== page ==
- Avoid forwarding chain letters, jokes, and other types of SPAM – These letters often contain false information that misleads people. In addition, they send the personal data of yourself and your friends to strangers through malware embedded in the chain-email. By forwarding emails to your friends, you may be creating a list of emails for spammer to use.
- Be sure to use and update your anti-virus software – This is your best defense against viruses!
- Make regular back-ups of your files – In the case of a virus or computer malfunction, regular back-ups help to get your system back in order quickly.
- When you receive a message that makes you feel uncomfortable, do not respond – Immediately shut off your monitor or close your laptop and talk to a parent or trusted adult.
- Use your computer in a positive manner that is respectful and courteous to others – Remember, it is important to use your system to do good things—not harm.
- Protect your personal data by not giving out your name, address, phone number, etc. – This information should only be given to people that you trust—it’s always a good idea to check with your parents before providing this information.
- Help others to recognize the importance of protecting yourself and your computer system – Share these steps with your friends and family!
Some things that you can do while having fun to be safe online:
- Parents – establish online rules and an agreement with your sons and daughters about Internet use at home and outside of the home.
- Teens – talk to your friends if you see them making poor choices online that could compromise their safety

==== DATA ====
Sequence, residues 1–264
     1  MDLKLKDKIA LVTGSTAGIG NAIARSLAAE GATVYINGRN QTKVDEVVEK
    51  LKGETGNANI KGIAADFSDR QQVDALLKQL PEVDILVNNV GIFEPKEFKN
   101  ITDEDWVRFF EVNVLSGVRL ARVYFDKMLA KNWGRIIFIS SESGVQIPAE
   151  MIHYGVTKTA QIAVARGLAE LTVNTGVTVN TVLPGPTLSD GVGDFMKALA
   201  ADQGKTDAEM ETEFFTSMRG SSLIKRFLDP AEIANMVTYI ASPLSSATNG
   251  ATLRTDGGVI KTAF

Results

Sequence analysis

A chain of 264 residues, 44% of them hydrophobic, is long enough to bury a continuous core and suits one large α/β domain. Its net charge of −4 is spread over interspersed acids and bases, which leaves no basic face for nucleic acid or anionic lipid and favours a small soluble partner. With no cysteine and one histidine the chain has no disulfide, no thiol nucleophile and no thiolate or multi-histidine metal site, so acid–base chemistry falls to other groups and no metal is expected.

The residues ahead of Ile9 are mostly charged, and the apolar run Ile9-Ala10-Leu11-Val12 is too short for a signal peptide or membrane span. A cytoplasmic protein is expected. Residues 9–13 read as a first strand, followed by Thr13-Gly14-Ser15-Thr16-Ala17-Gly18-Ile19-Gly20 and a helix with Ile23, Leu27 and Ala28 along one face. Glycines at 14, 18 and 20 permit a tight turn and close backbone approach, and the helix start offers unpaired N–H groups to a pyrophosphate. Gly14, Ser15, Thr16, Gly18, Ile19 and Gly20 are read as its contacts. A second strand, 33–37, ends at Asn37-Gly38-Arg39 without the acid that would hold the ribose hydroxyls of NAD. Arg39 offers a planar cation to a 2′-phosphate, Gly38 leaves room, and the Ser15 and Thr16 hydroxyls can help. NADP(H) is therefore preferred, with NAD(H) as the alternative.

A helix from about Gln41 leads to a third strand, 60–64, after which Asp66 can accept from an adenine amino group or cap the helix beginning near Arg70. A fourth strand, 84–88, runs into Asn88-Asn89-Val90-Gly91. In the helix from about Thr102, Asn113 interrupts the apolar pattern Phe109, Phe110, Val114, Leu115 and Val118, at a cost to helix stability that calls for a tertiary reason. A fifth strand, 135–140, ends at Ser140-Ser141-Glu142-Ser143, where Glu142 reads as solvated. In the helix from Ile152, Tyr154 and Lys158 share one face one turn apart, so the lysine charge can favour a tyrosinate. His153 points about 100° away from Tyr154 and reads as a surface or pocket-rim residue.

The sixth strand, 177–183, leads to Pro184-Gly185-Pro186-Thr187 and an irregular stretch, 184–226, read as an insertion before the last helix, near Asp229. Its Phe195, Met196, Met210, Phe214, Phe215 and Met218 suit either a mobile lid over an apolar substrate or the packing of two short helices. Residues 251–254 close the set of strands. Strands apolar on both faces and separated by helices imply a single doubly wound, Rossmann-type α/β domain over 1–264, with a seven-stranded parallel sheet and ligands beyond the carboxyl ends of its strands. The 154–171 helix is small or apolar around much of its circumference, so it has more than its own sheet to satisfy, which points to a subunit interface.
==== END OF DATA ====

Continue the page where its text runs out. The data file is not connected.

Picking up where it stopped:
- Parents – spend time online alongside your daughter or son and establish an atmosphere of trust regarding computer usage and online activities.
- Teens – your parents should respect you, but remember that they have the ultimate responsibility to keep you safe.
- Parents – place your home computer in an area of your house where you can easily supervise your family’s Internet activity.
- Parents – regularly discuss your sons and daughters about their online friends and activities. This helps you learn about how the digital generation uses the Internet – and may help keep your family safe.
- Teens -if your brother, sister, or friends seems to be making bad choices online that could harm them, talk with them, and a parent or trusted adult.
- Teens and Parents – block instant/personal messages from people that you or your son and daughter don’t know.
- Parents – review the amount of time your son or daughter spends on the Internet, and at what times of the day.
- Teens – if one of your real world friends “lives” on the Internet – be a friend and invite that person to do something together that’s in “the real world.”
From Net Literacy’s students’ perspective: A Frank Discussion About Cyber-bullying – What’s a Parents’ Role?